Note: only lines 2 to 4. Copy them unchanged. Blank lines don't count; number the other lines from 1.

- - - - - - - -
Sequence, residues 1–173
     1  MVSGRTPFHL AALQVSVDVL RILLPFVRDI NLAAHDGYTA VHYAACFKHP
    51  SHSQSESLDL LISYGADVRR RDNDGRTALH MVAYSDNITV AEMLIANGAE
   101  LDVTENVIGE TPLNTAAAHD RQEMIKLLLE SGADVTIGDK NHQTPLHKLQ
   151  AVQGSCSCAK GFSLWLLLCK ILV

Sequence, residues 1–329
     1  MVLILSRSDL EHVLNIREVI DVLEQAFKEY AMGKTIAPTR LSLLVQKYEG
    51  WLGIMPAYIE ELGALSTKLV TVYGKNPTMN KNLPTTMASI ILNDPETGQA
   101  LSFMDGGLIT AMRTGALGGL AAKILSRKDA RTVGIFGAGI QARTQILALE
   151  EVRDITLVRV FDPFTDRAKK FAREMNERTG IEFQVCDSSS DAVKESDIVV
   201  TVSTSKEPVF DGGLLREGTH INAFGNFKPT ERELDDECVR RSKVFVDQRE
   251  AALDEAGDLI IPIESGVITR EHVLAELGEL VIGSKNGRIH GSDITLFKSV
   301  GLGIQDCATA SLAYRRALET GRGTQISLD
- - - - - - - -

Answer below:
     1  MVSGRTPFHL AALQVSVDVL RILLPFVRDI NLAAHDGYTA VHYAACFKHP
    51  SHSQSESLDL LISYGADVRR RDNDGRTALH MVAYSDNITV AEMLIANGAE
   101  LDVTENVIGE TPLNTAAAHD RQEMIKLLLE SGADVTIGDK NHQTPLHKLQ